Difficulty staying under AeT

  • Creator
  • #26820

    Hey everyone I’ve really fallen in love with alpine rock climbing and alpinism in general over the last year, and recently set out to revamp my training accordingly. I’ve been digging into the website and TFTNA recently, and just did my first aerobic threshold treadmill test on Tuesday using the nasal breathing method. I ended up with an AeT of about 149. Today I set out to attempt a 5 mile Z2 run. I live in New Orleans, where it both very flat and very, very hot and humid (today it’ll be in the high 80s and humidity will probably top 85%, this is typical for a lot of the summer). For reference, I did a 4 mile run in similar conditions last week and held about an 8:19 pace throughout, but I was definitely way out of Z2 for pretty much all of it. By the last mile I’d rate my exertion around a 7 out of 10.
    Anyway today I went out with an HR monitor on, trying to keep my HR in the 140s throughout the run. I was able to do so for the first half, albeit at what felt like a very slow pace (11:00-12:00 miles). On the second half my HR climbed up into the high 150s, and I couldn’t get it down without slowing almost to a walk. By the last mile I had slowed to a pace near or at 13:00/mile, and still my HR would not drop even into the low 150s. If I stopped completely, my HR would drop down into the 140s pretty quickly, but then as soon as I resumed the slowest jog it would start climbing again. Oddly, my exertion throughout felt very low, and I was able to maintain nasal breathing pretty consistently. My question is, in short, what gives?? Do I just need to commit to a lot of very, very slow runs around 13:00 until my AeT and pace start to build? Am I missing something? Do I need to re-do my AeT test using the HR drift method? Thanks for any advice in advance.

  • Participant
    briguy on #26822

    I’ll let the experts chime in, but I think your post said it – you live in New Orleans. Hot/humid conditions are well known for driving up HR in significantly different rates compared to pace/Level-of-effort/etc.

    jsmith85 on #26823

    Makes sense. So then, should my approach be to slow my pace down even further (almost to a walk) so as to keep my HR below the AeT number I got from the nasal breathing treadmill test, and just focus on putting in the hours to get that threshold and pace to move up?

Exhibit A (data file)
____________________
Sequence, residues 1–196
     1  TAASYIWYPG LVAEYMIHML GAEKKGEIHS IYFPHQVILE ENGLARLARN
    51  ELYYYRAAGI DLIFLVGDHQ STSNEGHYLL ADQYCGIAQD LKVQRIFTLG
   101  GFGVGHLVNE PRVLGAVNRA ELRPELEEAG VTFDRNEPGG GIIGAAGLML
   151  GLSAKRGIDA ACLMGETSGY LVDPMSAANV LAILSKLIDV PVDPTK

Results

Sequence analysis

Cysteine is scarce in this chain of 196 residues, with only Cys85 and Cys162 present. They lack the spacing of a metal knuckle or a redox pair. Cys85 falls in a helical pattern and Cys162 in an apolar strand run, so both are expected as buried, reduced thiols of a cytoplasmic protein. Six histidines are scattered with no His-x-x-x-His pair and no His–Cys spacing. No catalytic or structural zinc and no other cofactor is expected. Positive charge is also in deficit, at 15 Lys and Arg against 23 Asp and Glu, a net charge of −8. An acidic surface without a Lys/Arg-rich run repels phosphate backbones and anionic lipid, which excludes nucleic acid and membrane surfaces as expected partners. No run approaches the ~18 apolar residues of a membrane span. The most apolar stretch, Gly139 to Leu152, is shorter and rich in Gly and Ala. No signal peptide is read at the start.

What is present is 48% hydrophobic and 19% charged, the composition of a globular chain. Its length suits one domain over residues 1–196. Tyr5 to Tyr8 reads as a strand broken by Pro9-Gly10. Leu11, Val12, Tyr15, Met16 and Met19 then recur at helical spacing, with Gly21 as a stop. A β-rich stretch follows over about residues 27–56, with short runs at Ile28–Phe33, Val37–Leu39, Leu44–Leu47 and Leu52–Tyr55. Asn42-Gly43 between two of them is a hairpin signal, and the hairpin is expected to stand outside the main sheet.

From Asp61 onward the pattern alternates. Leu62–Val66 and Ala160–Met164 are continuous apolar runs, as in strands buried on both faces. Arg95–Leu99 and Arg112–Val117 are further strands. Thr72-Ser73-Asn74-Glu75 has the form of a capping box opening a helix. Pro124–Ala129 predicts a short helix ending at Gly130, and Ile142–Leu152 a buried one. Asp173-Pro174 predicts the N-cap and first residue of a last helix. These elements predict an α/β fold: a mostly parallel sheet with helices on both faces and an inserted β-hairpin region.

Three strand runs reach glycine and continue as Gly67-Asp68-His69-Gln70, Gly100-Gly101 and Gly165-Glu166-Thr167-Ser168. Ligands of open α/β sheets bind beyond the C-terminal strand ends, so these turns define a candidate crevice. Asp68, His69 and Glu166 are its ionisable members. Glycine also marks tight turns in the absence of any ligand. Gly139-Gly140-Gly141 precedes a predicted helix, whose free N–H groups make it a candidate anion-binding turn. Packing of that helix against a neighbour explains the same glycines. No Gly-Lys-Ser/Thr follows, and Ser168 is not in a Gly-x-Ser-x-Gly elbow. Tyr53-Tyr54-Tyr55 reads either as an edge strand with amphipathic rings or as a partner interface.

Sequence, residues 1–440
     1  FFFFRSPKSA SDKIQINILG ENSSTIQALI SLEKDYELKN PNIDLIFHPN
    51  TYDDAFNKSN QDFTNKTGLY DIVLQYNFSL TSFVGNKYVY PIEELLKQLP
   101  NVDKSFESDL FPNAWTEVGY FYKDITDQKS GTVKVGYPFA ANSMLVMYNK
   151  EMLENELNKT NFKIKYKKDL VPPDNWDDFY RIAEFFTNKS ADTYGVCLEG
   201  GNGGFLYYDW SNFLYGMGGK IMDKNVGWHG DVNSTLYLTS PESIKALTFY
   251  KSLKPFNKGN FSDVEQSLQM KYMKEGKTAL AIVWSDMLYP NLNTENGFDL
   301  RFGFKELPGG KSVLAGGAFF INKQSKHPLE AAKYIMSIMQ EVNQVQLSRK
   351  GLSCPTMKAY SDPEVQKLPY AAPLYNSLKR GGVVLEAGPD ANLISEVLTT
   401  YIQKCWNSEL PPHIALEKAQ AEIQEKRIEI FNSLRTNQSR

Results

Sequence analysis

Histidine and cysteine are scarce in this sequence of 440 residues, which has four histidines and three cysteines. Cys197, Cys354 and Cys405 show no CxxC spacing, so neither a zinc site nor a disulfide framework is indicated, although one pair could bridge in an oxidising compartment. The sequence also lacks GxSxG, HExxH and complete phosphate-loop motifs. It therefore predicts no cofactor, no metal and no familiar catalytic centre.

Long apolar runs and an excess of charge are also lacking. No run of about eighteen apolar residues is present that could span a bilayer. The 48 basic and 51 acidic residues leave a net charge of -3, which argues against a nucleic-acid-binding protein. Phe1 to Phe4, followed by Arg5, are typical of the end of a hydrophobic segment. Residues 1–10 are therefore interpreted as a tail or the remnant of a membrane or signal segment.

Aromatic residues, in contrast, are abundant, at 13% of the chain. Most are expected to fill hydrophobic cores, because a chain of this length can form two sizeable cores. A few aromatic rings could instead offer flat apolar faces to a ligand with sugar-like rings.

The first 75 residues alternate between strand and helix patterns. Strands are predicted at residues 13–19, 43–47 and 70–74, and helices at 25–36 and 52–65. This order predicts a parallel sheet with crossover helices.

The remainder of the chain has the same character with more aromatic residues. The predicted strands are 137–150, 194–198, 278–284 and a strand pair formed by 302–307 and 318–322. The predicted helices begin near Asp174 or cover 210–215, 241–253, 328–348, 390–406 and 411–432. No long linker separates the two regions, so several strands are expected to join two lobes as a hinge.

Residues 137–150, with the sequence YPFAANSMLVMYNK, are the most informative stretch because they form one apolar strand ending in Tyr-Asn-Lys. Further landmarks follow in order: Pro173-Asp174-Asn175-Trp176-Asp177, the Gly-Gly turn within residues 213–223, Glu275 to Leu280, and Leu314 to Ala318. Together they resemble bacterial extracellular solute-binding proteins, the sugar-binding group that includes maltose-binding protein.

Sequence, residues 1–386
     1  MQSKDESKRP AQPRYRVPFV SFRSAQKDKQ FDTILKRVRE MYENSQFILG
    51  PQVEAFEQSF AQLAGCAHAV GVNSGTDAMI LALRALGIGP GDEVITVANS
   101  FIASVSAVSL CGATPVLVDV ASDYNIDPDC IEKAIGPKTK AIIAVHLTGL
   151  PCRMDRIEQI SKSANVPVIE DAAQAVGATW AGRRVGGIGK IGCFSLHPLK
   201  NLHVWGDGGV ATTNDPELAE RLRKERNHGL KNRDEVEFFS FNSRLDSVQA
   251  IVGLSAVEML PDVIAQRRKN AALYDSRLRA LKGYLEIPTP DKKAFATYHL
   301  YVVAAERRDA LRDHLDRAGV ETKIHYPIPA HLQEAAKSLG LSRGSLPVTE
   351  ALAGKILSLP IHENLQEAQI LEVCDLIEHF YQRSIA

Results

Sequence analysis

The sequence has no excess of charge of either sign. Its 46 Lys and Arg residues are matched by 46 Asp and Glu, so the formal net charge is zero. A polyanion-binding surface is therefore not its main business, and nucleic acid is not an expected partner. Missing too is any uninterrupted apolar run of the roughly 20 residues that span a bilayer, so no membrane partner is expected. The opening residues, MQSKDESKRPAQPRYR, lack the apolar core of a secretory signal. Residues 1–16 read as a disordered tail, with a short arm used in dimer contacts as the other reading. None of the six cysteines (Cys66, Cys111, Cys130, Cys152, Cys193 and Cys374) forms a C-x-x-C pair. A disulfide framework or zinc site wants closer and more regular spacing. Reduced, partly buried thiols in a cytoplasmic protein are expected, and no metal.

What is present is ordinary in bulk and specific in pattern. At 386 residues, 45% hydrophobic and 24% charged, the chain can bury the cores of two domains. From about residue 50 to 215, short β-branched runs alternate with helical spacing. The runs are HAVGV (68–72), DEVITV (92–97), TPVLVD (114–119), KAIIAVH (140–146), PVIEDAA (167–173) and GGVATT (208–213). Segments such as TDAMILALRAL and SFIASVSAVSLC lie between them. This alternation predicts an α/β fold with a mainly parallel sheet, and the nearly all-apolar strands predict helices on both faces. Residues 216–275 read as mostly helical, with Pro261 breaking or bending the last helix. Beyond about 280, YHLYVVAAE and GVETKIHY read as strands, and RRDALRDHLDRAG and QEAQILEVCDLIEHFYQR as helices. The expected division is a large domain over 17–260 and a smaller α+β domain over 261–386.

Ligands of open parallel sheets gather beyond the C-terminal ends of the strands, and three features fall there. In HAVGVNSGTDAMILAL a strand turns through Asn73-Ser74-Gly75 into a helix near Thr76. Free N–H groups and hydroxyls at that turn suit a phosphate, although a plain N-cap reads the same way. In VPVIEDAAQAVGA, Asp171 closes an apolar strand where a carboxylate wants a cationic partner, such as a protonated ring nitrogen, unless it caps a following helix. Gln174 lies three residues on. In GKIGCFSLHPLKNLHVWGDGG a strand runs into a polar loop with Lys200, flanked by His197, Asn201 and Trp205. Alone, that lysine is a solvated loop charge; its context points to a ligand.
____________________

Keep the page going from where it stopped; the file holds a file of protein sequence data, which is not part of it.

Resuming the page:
jsmith85 on #26824

    Also I should probably add that from what I’ve read I fit the model for ADS- long history of Crossfit style glycolitic work between my personal life and my former job (military), in which I did “longer efforts” (i.e. 30-60 minutes) pretty regularly, but at way higher intensity than the Z2 focus I’ve learned from reading TFTNA. So I can hike 12 miles with a 40-50 lb pack and maintain sub-15:00 miles, but will feel like shit afterwards and the next day.

    briguy on #26826

    It’s not unusual for those just getting introduced to this type of training (be it Maffetone or that proposed in the Uphill Athlete books) to be somewhat shocked at just “how slow” you have to go to keep the HR under threshold.

    Fortunately it seems to respond fairly quickly and you’ll notice your paces at those low HRs drop fairly quickly too. Below is an example of mine when I was recently returning to running from injury. All paces at below my “MAF” heartrate which is kinda/sorta similar to Z1/Z2 work espoused in TFTUA book. Each reading was about 1 month apart:


    Considering I am an older athlete, I was pretty happy with this progress!

    Compounding your situation though is that you’re trying to do your work outside in extreme heat/humidity. Maybe try a treadmill just to rule out the environmental factors.

    Anonymous on #26832


    briguy is right on all counts. Running in the heat and humidity will bump HR 10-15 beats easily. That’s because your body is shunting a lot of blood to the skin to shed heat. That’s blood that’s not available for the leg muscles. So the heart has to work extra hard to supply enough blood/O2. The slowing in the second half of the run is typical when over heating is happening.

    With regards to ADS: Your perception of exertion is low because the pace is slow, the muscles are not making much power so it can feel silly easy, even when you are not overheating. There is only one way to correct ADS that is with a high volume of low intensity training. If you have a long history of HIIT training like Crossfit then you can’t use nose breathing to find AeT. Not sure why but I’ve seen this many times. You need to use one of the other tests, the sijplst being the HR Drift test described in the article by that name.


    jsmith85 on #26833

    Scott and Briguy-
    Thanks a ton. So when I’m running in the heat (this will be unavoidable for a big chunk of the year), should I slow as much as is necessary to get my HR below my AeT (once I find that number with the HR drift test), or should I use a pace that I know would put me around my AeT in cooler weather and ignore the 10-15bpm increase that’s attributed to the heat?

    briguy on #26866

    Scott should definitely confirm but my understanding is that when training ADS you should keep HR under your prescribed threshold, no matter the conditions.

    One other effect you’ll notice is you’ll begin to acclimatize to the heat/humidity as well but even at 100% acclimatization it will have an adverse effect on HR bpm.

    Cosmic Hillbilly on #26889

    I wondered the same. Here is a link to a good article that gives a convincing answer to your question:

    spantik on #26990


    I have a question regarding ME training under hot and humid weather: I am about to do the Z3 Weighted Climb (from the 24-week Big Mountain Plan) and I was wondering if it’s OK to have my HR above Z2 under such condition?


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